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Speak ever gently to the child so guileless and so free,
Who, with a trustful, loying heart, puts confidence in thee;
Speak not the cold and careless thoughts which time has taught thee well,
Nor breathe a word whose bitter tone distrust might seem to tell.
If on that brow there rests a cloud, however light it be,
Speak loving words, and let him feel he has a friend in thee;
Nor ever send him from thy side, till on his face shall rest
The joyous look and beaming smile, that mark a happy breast.
Oh! teach him, this should be our aim, to cheer the aching heart,
To strive, where thickest darkness reigns, some radiance to impart;
To spread a peaceful, quiet calm, where dwells the noise of strife,
Thus doing good and blessing all, to spend the whole of life.
To love, with pure affections deep, all creatures great and small,
And still a stronger love to bear for Him who made them all;
Remember, 'tis an angel's work that thus to thee is given, -
To rear a spirit, holy, pure, prepared to dwell in heaven.


Never give up! it is wiser and better
Always to hope than once to despair.
Never give up! or the burthen may sink you,

Providence kindly has mingled the cup;
And in all trials and troubles, bethink you,

The watchword of life must be, Never give up !

Never give up! there are chances and changes,

Helping the hopeful a hundred to one;
And, tbrough the chaos high wisdom arranges

Ever success, if you'll only hope on.
Never give up! for the wisest is, boldest,

Knowing that Providence mingles the cup ;
And of all the maxims the best as the oldest,

Is the true watchword of Never give up!

Never give up! if adversity presses,

Providence wisely has mingled the cup;
And the best counsel in all your distresses

Is the stout watch word of Never give up!


Macaulay on Scotland; a Critique, by Hugh Miller.

This true Scot and ready writer was fired with indignation at what he considered an injustice to history done by Mr. Macaulay in the manner in which Scotland is spoken of in his famous History of England, and particularly the spirit of depreciation exhibited in his writings to the Presbyterian clergy of old Scotia, at the period of the Revolution. He charges upon the party reviewed "willful and studied exaggeration."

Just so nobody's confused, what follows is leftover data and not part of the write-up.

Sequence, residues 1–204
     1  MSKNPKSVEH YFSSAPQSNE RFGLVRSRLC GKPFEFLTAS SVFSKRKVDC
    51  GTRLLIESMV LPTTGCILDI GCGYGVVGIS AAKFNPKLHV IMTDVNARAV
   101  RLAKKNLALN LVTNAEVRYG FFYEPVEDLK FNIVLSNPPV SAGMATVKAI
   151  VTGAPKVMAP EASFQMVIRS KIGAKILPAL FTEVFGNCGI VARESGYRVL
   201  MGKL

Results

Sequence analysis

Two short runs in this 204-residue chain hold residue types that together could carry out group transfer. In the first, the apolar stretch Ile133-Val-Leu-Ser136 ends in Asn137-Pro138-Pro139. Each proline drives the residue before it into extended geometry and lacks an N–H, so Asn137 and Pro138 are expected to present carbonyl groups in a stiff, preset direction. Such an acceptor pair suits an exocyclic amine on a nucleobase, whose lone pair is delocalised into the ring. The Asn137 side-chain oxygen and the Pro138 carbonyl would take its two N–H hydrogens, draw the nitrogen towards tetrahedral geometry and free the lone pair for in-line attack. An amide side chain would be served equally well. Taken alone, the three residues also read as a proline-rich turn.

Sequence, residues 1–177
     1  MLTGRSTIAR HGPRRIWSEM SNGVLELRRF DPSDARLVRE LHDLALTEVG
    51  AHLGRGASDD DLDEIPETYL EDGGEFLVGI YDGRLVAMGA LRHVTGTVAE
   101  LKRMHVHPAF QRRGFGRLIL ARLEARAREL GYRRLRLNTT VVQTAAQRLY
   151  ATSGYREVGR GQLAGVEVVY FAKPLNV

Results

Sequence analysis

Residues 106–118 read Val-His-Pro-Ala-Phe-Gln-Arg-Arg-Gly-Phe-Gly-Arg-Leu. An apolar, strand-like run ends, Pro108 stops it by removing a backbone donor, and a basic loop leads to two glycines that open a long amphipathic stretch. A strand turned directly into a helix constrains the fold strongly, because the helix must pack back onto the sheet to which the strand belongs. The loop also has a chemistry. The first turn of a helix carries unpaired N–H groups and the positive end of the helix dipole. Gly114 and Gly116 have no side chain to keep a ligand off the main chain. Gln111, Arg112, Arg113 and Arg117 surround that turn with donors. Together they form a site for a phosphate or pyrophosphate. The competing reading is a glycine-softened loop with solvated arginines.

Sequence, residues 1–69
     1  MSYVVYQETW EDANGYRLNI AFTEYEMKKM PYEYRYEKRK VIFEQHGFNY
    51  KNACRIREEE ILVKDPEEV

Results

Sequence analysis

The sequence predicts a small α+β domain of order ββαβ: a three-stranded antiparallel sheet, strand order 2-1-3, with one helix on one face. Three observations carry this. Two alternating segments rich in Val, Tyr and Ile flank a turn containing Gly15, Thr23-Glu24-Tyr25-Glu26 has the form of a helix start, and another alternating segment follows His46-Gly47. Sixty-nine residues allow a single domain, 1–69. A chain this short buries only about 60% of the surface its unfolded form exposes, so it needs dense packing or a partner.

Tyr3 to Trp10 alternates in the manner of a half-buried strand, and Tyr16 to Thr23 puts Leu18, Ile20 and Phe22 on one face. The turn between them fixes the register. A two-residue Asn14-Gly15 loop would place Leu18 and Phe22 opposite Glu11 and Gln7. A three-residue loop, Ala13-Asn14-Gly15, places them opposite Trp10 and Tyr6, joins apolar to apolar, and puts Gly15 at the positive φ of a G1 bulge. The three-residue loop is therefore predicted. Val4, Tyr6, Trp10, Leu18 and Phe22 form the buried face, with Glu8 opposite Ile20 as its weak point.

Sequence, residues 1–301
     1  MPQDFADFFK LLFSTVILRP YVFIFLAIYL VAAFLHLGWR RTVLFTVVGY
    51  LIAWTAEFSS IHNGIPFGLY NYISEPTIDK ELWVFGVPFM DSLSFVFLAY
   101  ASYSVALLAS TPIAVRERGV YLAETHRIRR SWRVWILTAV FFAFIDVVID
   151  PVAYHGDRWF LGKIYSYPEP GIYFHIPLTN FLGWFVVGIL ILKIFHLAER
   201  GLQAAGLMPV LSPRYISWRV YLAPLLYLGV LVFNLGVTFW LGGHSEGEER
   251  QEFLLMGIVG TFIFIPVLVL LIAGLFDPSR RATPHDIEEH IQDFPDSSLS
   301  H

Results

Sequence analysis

For sale, Boston, Gould & Lincoln; Cincinnati, Geo. S. Blanchard. American Almanac, 1857.

This standard work is too well known to demand more than the announcement that it is fully equal to the former excellent numbers of this annual, so indispensable as a cade mecum to all who desire to be posted up in the details of useful knowledge culled with so much care and fullness for this manual.

For sale, Boston, Gould & Lincoln; Cincinnati, Geo. S. Blanchard. The Travels and Adventures of Celebrated Travelers in the Principal

Countries of the Globe. This is a substantial work of 830 pages, illustrated in oil colors, mezzotint engravings, and wood cuts, published by Henry Howe, Cincinnati, and, we believe, sold only to subscribers. It is a valuable collection of histories of recent and interesting travels. Hand-Book of Illustrated Proverbs.

The same publisher has issued a useful work, its scope indicated by the title. Connected with it are sketches from real life, designed to do good. Young Men's Mercantile Library Association, Cincinnati.

We are indebted to the courteous Librarian, Mr. Stephenson, for a copy of the 22d Annual Report. The two spacious apartments dedicated to the Library and Reading Room, in College Hall, Walnut street, are a school room of instruction. 17,500 books, newspapers and magazines from all parts of the world, and the following statuary and paintings: